Right. So we do have the ability to deprecate things. Punycode is really easy, it’s just gonna sit there forever, probably. Maybe sometime in the future we’ll run a search over npmjs.org and be like, “Okay, look, nobody is using punycode; not from Node anymore. They’re all NPM-installing it because there’s a much more recent, better version on NPMjs.” So it’s a first step to eventually being able to do a pain-free deletion, and it comes up with URL, because right now with URL we are facing a choice.
[00:12:01.04] James has written this - and this is in no way a criticism of James; I mean, we needed a good parser, so he’s written a WHATWG compliant parser, but the question is should we show it to users? Should they be allowed to use it merely by NPM-installing Node 8? And what about those poor suckers on Node 6? Many of them are just moving to Node 6 - they don’t get the WHATWG because it’s not on NPM, they have to upgrade to Node 8? No, I mean, it should be an NPM module.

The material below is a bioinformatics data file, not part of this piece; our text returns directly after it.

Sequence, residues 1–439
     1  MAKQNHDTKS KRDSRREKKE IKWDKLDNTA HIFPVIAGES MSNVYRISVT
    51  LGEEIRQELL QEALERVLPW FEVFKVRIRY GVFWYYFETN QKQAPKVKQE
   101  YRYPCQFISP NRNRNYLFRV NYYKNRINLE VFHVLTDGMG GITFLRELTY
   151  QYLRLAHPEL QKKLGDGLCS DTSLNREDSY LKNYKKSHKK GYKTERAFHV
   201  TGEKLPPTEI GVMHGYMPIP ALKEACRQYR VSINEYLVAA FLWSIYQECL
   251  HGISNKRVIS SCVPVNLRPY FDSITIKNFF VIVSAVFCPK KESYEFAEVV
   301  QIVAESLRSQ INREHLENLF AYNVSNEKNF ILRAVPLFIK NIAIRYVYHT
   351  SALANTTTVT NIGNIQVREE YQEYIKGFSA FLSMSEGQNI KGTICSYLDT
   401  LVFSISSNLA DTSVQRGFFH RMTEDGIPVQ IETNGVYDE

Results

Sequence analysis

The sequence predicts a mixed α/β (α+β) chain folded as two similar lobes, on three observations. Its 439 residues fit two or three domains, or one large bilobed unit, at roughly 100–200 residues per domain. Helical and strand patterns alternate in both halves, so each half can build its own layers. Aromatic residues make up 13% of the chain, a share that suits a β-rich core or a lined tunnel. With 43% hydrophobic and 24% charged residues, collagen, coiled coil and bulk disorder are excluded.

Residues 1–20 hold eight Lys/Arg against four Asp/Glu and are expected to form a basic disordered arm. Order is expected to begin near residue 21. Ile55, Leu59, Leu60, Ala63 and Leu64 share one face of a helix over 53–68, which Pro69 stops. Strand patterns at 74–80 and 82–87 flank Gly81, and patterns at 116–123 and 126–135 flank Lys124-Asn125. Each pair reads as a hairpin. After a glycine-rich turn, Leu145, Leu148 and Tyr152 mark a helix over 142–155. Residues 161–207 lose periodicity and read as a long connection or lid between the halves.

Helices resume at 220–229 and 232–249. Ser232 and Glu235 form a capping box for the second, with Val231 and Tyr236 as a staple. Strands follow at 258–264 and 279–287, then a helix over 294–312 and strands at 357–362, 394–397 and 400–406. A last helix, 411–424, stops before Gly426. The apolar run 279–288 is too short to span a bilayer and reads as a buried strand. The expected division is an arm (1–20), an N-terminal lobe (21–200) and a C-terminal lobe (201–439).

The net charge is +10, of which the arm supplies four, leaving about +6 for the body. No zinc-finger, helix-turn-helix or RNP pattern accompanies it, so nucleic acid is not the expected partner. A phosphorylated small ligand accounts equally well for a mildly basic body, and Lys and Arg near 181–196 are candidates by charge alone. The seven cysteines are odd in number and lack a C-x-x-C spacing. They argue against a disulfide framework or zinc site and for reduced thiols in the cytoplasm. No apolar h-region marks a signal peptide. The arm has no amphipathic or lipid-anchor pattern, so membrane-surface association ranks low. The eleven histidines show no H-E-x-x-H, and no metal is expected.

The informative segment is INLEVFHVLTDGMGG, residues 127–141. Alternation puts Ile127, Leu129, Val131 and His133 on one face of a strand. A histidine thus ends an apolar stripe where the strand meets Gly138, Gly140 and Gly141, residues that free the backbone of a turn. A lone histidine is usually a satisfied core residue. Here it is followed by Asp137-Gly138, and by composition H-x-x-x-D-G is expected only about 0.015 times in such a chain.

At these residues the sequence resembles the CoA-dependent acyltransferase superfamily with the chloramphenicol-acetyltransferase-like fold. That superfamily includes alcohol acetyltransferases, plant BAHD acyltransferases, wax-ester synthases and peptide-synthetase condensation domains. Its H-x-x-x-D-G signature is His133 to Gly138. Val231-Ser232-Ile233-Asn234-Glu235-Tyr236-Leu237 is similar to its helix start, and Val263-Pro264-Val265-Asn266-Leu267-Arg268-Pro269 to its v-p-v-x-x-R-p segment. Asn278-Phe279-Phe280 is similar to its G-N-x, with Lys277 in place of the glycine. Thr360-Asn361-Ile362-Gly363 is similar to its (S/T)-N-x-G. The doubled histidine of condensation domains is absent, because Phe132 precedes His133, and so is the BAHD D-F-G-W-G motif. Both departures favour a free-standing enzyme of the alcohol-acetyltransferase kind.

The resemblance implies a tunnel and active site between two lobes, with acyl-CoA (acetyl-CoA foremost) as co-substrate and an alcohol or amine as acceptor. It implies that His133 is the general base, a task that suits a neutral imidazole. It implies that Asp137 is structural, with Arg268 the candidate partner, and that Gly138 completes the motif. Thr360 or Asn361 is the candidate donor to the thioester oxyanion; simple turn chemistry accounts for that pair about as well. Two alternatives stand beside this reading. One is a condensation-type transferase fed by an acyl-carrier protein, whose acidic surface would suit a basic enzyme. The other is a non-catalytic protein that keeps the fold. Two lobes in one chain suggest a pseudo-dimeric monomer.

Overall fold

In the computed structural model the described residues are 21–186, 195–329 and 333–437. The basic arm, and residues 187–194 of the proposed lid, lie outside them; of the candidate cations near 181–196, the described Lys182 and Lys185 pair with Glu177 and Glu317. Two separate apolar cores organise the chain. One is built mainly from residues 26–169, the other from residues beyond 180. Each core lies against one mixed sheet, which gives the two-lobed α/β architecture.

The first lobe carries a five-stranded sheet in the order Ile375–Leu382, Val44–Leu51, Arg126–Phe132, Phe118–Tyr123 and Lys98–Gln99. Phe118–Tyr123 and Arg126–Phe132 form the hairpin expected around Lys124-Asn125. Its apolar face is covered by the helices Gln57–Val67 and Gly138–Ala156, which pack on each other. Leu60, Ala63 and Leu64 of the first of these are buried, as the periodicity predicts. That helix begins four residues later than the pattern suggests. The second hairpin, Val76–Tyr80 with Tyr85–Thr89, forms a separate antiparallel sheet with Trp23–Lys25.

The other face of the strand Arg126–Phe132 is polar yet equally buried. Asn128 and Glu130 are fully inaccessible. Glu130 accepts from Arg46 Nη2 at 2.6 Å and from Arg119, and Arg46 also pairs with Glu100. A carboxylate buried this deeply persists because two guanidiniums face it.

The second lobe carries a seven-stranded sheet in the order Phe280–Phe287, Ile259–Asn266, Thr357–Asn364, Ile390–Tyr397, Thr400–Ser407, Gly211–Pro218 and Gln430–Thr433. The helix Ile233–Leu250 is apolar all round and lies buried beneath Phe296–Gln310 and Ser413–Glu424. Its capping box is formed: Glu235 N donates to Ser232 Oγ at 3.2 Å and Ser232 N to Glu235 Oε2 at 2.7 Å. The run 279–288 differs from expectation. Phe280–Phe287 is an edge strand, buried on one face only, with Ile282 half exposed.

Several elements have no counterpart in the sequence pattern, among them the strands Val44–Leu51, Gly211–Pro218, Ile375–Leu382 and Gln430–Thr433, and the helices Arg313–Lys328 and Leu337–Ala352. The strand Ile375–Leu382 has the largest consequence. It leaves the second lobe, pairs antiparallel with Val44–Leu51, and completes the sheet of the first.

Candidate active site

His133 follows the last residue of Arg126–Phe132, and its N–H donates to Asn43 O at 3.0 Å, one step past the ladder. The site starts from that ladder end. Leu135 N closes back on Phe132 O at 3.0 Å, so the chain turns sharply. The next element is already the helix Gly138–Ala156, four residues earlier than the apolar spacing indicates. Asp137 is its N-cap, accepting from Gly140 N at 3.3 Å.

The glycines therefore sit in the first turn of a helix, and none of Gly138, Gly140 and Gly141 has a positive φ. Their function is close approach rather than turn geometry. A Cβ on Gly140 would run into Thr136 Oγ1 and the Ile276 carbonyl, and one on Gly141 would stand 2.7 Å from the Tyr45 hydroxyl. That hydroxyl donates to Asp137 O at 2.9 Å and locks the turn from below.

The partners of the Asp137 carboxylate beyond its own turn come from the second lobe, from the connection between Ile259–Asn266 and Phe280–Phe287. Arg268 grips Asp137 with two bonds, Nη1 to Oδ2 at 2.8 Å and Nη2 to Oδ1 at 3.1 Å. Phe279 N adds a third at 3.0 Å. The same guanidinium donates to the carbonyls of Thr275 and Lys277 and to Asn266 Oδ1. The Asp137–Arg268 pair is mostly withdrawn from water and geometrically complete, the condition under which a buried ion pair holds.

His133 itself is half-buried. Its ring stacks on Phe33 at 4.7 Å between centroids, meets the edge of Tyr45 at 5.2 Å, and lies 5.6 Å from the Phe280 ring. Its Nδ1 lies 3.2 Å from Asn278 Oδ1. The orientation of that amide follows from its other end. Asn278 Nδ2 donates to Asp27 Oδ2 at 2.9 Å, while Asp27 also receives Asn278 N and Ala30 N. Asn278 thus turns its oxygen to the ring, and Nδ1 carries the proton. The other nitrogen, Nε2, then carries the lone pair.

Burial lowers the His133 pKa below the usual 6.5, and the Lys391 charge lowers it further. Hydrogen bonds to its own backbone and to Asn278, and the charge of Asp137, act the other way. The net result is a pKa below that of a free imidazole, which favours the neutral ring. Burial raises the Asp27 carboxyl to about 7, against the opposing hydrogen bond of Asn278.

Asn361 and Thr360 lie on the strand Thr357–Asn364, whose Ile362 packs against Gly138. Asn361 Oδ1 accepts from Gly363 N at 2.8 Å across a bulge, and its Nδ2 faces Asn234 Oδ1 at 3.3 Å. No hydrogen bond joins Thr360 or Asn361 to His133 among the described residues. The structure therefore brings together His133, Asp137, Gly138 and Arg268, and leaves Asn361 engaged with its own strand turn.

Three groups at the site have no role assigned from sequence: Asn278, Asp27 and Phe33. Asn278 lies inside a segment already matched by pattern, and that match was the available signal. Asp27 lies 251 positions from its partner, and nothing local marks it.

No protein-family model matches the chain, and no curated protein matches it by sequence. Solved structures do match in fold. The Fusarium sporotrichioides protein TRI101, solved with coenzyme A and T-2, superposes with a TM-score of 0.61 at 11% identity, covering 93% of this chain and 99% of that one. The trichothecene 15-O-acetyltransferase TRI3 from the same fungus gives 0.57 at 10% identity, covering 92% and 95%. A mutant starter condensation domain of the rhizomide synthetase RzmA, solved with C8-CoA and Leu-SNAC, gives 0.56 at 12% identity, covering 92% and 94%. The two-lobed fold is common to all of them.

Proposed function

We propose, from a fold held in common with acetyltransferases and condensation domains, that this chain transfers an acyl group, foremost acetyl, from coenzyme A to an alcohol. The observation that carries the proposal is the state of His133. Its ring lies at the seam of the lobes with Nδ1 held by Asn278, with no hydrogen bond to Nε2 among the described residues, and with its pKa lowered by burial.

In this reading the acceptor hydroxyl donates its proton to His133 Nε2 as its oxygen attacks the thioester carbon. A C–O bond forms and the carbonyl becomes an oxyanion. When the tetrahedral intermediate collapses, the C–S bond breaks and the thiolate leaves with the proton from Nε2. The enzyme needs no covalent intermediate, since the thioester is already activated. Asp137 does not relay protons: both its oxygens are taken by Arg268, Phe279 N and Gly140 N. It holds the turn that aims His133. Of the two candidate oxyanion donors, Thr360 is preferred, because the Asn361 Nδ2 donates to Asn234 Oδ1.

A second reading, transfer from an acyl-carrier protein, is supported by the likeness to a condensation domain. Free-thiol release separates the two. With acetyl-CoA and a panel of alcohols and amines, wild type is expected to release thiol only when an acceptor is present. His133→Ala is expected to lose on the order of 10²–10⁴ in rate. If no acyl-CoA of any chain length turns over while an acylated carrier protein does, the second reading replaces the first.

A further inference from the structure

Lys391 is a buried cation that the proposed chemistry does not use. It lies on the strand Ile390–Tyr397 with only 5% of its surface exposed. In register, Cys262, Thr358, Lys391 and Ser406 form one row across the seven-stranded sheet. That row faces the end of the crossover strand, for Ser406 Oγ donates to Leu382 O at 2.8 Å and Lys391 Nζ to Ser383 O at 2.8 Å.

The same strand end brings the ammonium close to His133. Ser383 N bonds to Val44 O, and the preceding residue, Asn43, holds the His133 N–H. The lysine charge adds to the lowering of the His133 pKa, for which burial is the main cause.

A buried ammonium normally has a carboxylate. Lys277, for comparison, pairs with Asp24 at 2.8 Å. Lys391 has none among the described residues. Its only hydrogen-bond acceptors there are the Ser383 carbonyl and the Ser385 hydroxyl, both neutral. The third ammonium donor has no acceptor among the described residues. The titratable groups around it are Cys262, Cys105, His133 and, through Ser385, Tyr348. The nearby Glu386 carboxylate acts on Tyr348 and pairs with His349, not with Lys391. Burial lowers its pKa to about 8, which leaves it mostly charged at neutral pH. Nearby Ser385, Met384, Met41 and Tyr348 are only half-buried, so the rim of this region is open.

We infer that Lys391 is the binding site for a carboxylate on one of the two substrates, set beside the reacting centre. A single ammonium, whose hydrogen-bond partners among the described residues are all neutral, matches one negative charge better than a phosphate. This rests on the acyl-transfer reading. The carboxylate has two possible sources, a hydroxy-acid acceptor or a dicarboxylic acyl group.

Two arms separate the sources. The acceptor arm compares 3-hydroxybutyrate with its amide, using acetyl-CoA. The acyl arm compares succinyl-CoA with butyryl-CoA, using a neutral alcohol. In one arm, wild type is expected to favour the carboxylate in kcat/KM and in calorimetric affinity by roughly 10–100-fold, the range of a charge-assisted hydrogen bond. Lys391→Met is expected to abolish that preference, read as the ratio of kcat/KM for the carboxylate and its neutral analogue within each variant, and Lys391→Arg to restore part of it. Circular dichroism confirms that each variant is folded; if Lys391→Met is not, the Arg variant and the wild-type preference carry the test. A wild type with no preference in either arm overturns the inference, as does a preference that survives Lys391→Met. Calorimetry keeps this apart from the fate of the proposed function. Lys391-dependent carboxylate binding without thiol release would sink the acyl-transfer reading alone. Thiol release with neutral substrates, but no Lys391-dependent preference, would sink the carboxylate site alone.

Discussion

So that’s what I propose. First of all, I think we should be limiting things as much as possible, and if we can make our own Node APIs obsolete by making sure that there’s a better one on npmjs.org that people can use, and during what’s happening with punycode - and punycode is a low-hanging fruit; I do not think it was the most popular of Node APIs, right?
Yeah, I think what they did was, as you said, they probably went over NPMjs and looked at, “Okay, is anybody actually depending on this? How many is it?” I think if it’s a low amount of people, it is actually feasible to reach out to these module owners and say, “Hey guys, we’re gonna deprecate this in the new version. You should update your dependencies to actually point to the module that exists in userland.”
I think punycode probably falls into that category, nobody is really using it. But URL on the other hand, it’s something that a lot of people are using… Though I agree with you that it shouldn’t have went into Core in the first place and, as you say, you could have vendored it in on compile time, then I think if we take it out now, we’re gonna break so much stuff in userland that is working just fine. And maybe modules that haven’t been updated for two years - and that is not a problem, that a module hasn’t been updated in two years; it just means that it’s really stable, and that’s a power that we have in Node. We have these really stable modules because they do only one thing and they do it really well, so there’s no need for them to update.